Offline Don P

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Re: building a sawmill shed like some ideas
« Reply #10 on: September 01, 2007, 11:57:43 PM »
I think I see what beenthere is getting at. When a beam is built up of several pieces the shear between pieces has to be accounted for or the strength is really that of each individual ply. I had some pics on the computer that might help show horizontal shear.

First drawing shows a beam and how the shear magnitude increases towards the ends;


The next 4 show a setup demonstrating how the stresses work in a beam made up of several loose laminations. Notice the shear in the middle is zero and the most displacement, strain, happens towards the ends;





I'd lean towards bolting Rokky, I think the loops would just let the beams slide past one another under full load.

Edit, found a thread that goes into the shear in a built up beam a good bit deeper;
http://www.forestryforum.com/board/index.php?topic=24971.0

Offline Rokky Rakkoon

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Re: building a sawmill shed like some ideas
« Reply #11 on: September 02, 2007, 01:16:28 PM »
 ty don. thats interesting. i can see how bolts would be more effective against horizontal slippage between the two logs. i'll do it that way.
  i love the look of black iron on wood beams, etc. so i'm always adding pcs here and there. maybe i'll add a few black iron straps just for looks.  

Offline dhibbeln

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Re: building a sawmill shed like some ideas
« Reply #12 on: June 11, 2018, 11:22:38 AM »
Regarding the picture of the dovetailed building at old victoria near Rockland michigan.
That image was taken in the early 1900's when volunteers had started building an older style home on
the original foundation. They had welded up a base and a top for guys.
It had not survived from the olden days. 
I know this cuase I knew the guys who were doing it.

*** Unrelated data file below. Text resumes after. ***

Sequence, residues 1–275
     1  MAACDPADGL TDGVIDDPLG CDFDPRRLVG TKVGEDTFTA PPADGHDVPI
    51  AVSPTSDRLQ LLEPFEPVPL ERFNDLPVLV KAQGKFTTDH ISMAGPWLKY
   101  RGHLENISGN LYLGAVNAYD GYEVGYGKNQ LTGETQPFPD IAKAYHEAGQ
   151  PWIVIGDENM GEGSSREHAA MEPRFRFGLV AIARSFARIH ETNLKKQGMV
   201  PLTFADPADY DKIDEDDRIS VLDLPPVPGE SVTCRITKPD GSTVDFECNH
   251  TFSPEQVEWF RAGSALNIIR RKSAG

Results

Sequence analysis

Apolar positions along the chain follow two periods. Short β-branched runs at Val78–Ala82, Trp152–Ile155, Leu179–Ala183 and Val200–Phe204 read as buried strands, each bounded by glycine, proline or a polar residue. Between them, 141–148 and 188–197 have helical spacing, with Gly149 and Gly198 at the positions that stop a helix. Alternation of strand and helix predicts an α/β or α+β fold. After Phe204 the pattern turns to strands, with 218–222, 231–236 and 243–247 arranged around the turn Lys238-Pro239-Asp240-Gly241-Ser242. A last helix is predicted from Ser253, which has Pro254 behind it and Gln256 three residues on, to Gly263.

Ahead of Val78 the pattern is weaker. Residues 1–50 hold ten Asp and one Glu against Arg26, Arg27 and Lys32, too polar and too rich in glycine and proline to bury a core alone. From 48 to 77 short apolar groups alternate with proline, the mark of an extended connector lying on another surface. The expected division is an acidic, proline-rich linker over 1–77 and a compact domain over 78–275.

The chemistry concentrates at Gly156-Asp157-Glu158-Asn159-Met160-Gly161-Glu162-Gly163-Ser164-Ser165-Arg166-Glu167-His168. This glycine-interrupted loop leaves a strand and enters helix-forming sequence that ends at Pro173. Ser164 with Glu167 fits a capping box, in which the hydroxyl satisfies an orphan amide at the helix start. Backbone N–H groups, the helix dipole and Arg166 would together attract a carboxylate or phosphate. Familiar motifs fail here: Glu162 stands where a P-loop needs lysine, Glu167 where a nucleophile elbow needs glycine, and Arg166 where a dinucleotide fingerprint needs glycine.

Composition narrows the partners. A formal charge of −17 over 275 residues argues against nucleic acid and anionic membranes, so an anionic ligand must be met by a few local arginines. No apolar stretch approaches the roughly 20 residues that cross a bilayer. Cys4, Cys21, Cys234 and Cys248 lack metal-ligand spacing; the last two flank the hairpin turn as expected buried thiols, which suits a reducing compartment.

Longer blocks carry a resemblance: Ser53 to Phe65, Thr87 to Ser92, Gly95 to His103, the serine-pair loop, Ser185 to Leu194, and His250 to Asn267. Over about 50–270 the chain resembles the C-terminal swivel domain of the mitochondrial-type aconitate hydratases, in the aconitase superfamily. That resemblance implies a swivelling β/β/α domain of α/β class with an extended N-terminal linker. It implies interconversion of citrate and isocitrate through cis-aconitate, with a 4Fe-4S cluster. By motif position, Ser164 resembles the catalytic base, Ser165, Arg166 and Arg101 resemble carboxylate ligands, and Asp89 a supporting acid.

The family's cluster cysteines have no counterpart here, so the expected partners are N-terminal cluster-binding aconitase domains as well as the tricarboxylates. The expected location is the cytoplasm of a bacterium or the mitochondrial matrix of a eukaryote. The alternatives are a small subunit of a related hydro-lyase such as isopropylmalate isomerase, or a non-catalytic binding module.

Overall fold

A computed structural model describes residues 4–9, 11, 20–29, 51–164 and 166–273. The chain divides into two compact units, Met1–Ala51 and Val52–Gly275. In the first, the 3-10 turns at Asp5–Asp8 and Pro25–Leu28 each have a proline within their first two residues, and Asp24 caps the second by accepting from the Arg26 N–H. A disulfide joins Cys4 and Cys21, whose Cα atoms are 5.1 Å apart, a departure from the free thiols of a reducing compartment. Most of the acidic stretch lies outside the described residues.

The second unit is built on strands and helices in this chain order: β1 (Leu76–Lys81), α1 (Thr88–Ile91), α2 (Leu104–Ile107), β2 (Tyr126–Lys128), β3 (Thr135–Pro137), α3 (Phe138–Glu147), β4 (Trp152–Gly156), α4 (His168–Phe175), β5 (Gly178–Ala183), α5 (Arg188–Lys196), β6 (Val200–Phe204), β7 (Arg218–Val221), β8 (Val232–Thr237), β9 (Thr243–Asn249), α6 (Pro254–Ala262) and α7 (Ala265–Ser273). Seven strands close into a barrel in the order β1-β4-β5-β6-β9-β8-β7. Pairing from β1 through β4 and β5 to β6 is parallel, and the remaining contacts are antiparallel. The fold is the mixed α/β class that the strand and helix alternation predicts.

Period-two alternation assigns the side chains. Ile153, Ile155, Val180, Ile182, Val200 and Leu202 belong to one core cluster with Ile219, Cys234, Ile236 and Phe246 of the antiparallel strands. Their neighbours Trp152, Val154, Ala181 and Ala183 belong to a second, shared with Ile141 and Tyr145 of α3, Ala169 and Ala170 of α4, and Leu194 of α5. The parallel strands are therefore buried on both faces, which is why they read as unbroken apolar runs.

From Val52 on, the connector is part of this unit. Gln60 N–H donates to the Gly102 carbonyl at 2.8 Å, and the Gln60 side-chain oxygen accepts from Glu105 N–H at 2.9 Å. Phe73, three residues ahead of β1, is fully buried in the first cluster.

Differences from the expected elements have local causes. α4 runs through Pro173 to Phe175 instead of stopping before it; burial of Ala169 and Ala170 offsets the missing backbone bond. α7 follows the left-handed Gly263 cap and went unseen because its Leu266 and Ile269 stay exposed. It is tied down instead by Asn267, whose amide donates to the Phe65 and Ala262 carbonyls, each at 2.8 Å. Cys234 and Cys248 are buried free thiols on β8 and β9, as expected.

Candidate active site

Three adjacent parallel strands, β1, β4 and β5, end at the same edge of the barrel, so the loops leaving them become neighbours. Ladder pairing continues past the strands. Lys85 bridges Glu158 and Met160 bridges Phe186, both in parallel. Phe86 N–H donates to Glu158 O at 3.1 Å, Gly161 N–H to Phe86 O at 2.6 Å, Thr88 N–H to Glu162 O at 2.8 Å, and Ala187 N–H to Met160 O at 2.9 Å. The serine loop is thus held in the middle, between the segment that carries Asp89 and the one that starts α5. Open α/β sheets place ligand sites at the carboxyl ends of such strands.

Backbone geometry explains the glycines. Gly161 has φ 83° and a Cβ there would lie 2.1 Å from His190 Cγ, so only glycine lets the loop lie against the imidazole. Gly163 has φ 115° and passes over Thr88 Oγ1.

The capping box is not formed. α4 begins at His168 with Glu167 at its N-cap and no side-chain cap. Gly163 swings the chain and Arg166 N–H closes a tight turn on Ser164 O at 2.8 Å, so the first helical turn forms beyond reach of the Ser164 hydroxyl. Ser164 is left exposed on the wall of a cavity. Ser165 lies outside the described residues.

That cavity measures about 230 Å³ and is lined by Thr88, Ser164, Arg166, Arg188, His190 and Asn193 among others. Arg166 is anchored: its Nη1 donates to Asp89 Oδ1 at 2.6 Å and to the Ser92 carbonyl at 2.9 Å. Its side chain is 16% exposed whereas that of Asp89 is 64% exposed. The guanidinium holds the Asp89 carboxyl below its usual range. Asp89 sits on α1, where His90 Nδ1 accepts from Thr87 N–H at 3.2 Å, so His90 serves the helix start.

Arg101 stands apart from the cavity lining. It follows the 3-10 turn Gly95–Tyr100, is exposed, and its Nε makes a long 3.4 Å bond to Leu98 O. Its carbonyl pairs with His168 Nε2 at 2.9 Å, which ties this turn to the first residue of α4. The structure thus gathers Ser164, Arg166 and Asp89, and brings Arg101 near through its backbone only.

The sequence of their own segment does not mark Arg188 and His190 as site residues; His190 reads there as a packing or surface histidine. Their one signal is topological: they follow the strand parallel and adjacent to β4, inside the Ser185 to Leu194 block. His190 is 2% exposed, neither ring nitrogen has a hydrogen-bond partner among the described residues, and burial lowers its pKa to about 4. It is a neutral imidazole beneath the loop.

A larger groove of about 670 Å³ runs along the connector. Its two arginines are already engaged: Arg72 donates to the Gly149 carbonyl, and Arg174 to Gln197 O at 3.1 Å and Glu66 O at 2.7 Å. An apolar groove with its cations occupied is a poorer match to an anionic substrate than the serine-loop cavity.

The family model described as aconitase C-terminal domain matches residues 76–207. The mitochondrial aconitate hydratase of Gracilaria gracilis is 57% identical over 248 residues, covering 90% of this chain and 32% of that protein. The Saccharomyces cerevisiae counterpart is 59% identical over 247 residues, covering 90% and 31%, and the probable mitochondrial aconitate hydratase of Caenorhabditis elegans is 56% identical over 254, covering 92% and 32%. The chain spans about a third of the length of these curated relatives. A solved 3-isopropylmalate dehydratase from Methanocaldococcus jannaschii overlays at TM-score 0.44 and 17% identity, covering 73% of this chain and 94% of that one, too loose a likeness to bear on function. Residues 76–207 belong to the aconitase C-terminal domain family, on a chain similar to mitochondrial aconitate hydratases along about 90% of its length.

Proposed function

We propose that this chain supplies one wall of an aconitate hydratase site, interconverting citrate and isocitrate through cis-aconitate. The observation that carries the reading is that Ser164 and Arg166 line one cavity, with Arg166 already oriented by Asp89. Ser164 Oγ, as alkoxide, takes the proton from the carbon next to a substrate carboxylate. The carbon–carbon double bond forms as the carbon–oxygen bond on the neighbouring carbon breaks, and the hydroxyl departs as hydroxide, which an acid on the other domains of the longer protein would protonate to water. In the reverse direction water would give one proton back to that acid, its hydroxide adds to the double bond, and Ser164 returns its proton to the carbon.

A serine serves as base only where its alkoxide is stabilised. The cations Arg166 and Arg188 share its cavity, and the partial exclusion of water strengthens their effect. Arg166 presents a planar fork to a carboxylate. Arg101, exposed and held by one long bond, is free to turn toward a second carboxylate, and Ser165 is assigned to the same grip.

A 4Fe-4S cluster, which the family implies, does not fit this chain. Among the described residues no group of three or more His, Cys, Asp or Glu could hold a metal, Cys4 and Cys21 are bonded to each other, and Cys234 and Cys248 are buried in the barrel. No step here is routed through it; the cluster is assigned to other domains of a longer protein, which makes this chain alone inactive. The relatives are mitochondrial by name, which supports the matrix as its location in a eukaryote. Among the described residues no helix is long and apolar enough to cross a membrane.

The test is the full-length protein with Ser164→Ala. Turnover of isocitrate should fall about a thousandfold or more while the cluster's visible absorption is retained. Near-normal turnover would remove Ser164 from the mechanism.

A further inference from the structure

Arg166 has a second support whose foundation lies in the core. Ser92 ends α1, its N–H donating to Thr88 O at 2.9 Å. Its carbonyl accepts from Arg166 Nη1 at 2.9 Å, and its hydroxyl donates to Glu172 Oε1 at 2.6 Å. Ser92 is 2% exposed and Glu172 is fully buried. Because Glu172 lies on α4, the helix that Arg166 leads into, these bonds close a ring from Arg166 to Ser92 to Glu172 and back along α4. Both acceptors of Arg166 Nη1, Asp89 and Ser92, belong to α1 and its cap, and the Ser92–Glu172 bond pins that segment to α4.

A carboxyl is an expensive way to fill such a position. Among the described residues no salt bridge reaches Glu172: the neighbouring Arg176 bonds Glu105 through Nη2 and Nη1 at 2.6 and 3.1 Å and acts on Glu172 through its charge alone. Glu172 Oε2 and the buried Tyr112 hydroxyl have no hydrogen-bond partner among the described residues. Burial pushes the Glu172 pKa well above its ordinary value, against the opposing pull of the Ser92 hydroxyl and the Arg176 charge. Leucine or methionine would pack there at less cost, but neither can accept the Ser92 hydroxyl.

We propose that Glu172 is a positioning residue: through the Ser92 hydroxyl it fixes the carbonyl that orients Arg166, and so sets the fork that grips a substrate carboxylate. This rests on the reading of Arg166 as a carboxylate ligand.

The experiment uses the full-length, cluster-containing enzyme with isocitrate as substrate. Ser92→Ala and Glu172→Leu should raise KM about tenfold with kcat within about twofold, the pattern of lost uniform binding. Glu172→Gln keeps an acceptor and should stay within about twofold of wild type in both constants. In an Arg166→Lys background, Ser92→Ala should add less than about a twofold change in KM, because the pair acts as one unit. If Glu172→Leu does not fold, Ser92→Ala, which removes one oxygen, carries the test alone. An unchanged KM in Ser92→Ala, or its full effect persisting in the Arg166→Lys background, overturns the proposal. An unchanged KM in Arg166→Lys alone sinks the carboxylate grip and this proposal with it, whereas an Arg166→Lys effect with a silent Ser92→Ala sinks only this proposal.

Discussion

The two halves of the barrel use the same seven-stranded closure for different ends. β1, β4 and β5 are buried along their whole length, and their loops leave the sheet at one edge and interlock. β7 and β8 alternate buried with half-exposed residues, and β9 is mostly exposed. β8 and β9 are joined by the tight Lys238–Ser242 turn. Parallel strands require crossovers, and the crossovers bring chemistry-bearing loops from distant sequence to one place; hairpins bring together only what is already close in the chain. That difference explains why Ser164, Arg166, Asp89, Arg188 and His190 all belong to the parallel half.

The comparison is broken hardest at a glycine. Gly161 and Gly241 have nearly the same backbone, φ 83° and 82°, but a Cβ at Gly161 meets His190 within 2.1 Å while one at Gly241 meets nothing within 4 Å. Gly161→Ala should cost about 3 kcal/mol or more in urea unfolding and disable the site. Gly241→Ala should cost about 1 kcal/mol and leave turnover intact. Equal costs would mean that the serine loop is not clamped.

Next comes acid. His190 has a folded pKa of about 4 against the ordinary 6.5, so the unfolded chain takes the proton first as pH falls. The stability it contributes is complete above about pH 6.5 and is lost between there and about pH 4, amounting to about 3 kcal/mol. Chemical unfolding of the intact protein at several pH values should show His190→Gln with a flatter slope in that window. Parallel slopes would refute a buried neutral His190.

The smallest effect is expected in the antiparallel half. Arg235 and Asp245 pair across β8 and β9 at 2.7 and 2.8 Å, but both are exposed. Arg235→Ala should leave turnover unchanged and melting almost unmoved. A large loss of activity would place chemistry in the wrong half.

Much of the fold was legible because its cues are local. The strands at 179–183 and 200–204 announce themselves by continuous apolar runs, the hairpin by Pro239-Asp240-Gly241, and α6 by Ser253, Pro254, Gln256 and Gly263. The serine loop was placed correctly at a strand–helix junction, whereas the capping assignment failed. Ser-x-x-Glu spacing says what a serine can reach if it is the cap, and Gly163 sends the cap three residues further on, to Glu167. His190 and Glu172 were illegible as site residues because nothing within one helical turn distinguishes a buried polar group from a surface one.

Offline kelLOGg

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Re: building a sawmill shed like some ideas
« Reply #13 on: June 11, 2018, 11:58:28 AM »
I lashed tall cedar poles to the corner posts, put a chain hoist on the poles and hoisted the horizontal beams in place.



 




 


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Offline samandothers

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Re: building a sawmill shed like some ideas
« Reply #14 on: June 11, 2018, 01:16:50 PM »
KelLOGg, I like your method of chaining the cedar pole to the post!  Nice contraption!

Offline ChugiakTinkerer

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Re: building a sawmill shed like some ideas
« Reply #15 on: June 11, 2018, 02:05:21 PM »
The snow load is a major complication in being able to span 20'.  If you can get 2x12 in that length of good quality, you could make a built-up beam.  A beam made of multiple 2x12 will be much stronger than a single sawn beam of the same overall dimension.

A gable truss might be your best option.  if you want to have a shed roof, the beam over the opening will have to hold up half the snow load.  The beams on the other "wall' will be holding up the other half.  if your shed is 20' wide that means the beam has to support the weight of a 20x10 area.  If you have a 80 pounds per square foot snow ground load, that means the beam is holding up 16,000 lbs.

if you click on the Red toolbox on the left, you'll find a link to Don P's beam calculators.  There is one for timbers and one for built-up beams.  For a 20' span with a 16,000 lb load it would take a single sawn beam 10x24 of #2 spruce/fir.  For a built up beam it would take sixteen 2x12 to carry that load.

This span is a good candidate for a truss, glu-lam, LVL, a flitch, or a steel beam.
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Offline mike_belben

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Re: building a sawmill shed like some ideas
« Reply #16 on: June 11, 2018, 02:54:49 PM »
Thread is from 2007 so hopefully he got it licked by now.  

You can raise a beam on a pair of 55gal drums.  Put some thick wood on top to make a non skid, sturdy platform that utilizes the strength of the drum's rim.   Now get the beam up onto that end for end.  Make a staircase of cinder blocks or firewood rounds to get up it if you have to.  

Then a block onto the drum next to the beam.. beam onto the block, then 2 blocks stacked, beam onto that, etc etc.  So you are just building a vertical tower in a left right left right fashion and walking the beam from one to the other, alternating ends as you go.  Like a vertical ladder.

When it gets high enough you put ladders under the beam, pull the block towers apart and put strong, even stacking pallets under the drums, then build back up and repeat until you are there.  

I do like the jibless spar lashed to post idea.  Adding that to the toolbox.  
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Offline kelLOGg

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Re: building a sawmill shed like some ideas
« Reply #17 on: June 11, 2018, 06:56:22 PM »
Wow! I didn't notice the date of the opening post. Anyway, I'm glad you can use the cinching idea. It has served me well for a long time.
Bob